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Portland coach Giovanni Savarese after Saturday night's game said a Minnesota United player directed a racial slur at Timbers star Diego Chara.

Savarese started his postgame media conference by speaking for nearly two minutes about what he called a "racist situation, a racial discriminatory word" said to Chara in the second half at Portland's Providence Park.

Savarese called the alleged incident "not acceptable" and said he was "very and extremely disappointed that still at this time we have to deal with situations that should not be happening in any sport or anywhere."

He did not name the Loons player nor specify the word or phrase used.

In a Sunday statement, Major League Soccer said it had already started an investigation. It said further information will be provided when the investigation is complete.

"MLS has zero tolerance for abusive and offensive language, and we take these allegations very seriously," the statement said.

Minnesota United released its own statement, saying it has been investigating the matter and that the unidentified player involved denied making "any derogatory remarks." A team spokesman said the player told coach Adrian Heath and several teammates he did not say such things and those teammates told Heath and others they didn't hear him say such things.

"MNUFC is built on inclusivity and respect and does not tolerate discrimination under any circumstances," the statement said.

Savarese criticized referee Rosendo Mendoza for his handling of the situation, which created a three-minute debate delay starting in the game's 63rd minute.

The delay came after Chara, a Colombian, collided with and kicked toward Loons Argentinian midfielder Franco Fragapane from behind, knocking Fragapane to the turf while he tried to control the ball with his chest.

Mendoza conferred with other game officials and then separately with Chara, Timbers captain Diego Valeri and the Loons' Wil Trapp and captain Michael Boxall.

"The referee should have handled this situation in a much better way," Savarese said.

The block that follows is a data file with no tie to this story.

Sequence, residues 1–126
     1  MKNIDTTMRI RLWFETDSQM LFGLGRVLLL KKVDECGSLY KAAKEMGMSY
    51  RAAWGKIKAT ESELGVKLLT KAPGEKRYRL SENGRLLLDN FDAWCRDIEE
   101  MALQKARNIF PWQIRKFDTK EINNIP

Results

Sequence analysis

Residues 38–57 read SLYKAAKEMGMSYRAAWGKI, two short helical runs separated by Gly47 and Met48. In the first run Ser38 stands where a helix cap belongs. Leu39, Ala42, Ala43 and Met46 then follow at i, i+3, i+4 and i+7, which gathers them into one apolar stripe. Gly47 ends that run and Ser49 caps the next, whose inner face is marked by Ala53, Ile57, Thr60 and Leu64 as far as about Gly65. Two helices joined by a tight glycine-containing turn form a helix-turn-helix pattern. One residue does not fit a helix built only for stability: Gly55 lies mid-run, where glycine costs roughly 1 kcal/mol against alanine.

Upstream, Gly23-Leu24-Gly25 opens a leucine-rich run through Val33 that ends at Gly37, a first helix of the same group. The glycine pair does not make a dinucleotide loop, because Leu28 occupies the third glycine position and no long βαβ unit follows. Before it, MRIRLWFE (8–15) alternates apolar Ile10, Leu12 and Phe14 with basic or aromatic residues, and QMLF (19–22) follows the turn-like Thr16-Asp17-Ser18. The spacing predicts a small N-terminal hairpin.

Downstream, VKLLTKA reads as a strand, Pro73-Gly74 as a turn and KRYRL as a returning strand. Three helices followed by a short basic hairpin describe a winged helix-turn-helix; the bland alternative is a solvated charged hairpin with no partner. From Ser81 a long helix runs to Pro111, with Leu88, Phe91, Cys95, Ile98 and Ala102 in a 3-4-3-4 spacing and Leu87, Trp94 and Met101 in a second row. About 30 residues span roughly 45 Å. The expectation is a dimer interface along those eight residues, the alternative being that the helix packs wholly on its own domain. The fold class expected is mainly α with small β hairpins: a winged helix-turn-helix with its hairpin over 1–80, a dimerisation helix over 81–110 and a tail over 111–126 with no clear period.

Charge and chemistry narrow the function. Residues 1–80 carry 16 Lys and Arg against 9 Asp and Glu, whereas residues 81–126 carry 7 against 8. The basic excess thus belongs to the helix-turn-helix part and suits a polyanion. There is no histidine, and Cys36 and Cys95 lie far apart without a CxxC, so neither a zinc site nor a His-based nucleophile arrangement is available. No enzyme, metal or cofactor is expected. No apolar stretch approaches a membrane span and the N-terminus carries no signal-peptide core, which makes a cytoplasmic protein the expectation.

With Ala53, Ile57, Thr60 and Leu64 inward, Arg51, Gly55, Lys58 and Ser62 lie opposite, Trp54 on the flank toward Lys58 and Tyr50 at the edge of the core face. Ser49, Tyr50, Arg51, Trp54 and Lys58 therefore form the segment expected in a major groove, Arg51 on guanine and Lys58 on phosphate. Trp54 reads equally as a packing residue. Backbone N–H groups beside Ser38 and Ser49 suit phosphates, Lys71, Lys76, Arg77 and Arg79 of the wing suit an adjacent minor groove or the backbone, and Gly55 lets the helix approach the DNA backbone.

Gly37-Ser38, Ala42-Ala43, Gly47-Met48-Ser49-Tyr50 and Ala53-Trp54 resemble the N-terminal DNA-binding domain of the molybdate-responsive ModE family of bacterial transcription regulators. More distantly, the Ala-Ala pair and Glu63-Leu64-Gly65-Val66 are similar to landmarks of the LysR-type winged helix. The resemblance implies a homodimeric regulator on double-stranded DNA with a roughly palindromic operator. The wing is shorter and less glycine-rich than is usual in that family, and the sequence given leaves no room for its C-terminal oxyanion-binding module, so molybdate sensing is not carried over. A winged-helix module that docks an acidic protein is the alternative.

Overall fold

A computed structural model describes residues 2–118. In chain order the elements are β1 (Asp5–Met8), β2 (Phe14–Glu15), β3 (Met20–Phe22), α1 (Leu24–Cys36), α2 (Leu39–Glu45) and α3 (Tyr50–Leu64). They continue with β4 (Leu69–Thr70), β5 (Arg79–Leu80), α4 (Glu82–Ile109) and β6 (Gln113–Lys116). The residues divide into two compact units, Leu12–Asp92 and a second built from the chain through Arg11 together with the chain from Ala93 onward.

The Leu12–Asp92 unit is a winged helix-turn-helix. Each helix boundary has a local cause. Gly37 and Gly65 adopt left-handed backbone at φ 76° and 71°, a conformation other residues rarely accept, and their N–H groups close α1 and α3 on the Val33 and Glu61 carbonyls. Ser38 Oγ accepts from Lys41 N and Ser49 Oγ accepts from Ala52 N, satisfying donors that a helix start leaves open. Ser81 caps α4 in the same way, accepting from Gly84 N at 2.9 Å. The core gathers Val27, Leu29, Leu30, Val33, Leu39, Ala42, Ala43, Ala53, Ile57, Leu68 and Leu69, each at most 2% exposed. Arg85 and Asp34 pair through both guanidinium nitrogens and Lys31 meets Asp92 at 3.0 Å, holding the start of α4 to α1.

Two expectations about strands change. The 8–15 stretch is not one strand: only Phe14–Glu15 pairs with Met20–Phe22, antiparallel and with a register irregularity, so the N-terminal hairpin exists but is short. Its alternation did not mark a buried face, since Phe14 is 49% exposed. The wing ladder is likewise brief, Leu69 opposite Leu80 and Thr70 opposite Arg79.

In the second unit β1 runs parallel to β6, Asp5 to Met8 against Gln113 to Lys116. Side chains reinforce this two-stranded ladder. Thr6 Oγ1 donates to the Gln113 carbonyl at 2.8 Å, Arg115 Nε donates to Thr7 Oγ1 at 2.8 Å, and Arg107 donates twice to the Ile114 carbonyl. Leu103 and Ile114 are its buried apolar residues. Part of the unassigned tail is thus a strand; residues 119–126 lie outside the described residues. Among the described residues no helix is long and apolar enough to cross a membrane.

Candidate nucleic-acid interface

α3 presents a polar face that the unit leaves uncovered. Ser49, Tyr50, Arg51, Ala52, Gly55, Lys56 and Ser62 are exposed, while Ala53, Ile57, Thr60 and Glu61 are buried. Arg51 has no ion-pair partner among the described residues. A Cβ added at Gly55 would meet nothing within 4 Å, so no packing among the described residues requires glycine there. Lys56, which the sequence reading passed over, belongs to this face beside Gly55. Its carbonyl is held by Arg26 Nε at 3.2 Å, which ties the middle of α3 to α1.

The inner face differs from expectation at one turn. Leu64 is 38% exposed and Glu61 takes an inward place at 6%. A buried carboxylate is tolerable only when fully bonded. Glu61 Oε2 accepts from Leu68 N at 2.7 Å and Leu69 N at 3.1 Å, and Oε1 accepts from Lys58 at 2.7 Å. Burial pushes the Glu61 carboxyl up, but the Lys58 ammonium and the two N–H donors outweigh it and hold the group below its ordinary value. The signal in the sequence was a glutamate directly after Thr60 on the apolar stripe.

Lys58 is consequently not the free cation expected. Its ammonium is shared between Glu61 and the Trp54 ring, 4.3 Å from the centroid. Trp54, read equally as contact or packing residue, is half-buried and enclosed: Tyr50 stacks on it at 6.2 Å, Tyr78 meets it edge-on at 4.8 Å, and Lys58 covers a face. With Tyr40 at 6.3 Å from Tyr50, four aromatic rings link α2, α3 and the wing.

The Professional Referee Organization said the referee "acted appropriately" in accordance with diversity and anti-discrimination training protocols. It said in its own statement the referee was unable to discipline anyone because he and other game officials did not witness or hear the alleged comment.

Slurs, between players and from fans directed at players, have led to recent changes in soccer overseas. In Spain's La Liga, Valencia players left the field during a game in April after alleging a Cadiz player used a racial slur. Game officials there were given new instructions about how to handle such situations.

The English Premier League has asked game officials to stop games when fans continue to direct racial abuse after they have been warned to stop. Referees stopped a game between the United States national men's team and Mexico in June because fans persistently chanted a homophobic slur.

Savarese wanted game officials to take action Saturday.

"We all are in support of Diego Chara about what happened to him today," Savarese said. "The discriminatory word that was said to him should not have a place anywhere at this time, and I'm extremely disappointed that it was not taken as serious as it should have been."

Fragapane assisted on the game's only goal, in the second minute of a 1-0 Minnesota United victory.

The Star Tribune did not travel for this game. This article was written using the television broadcast and video interviews before and/or after the game.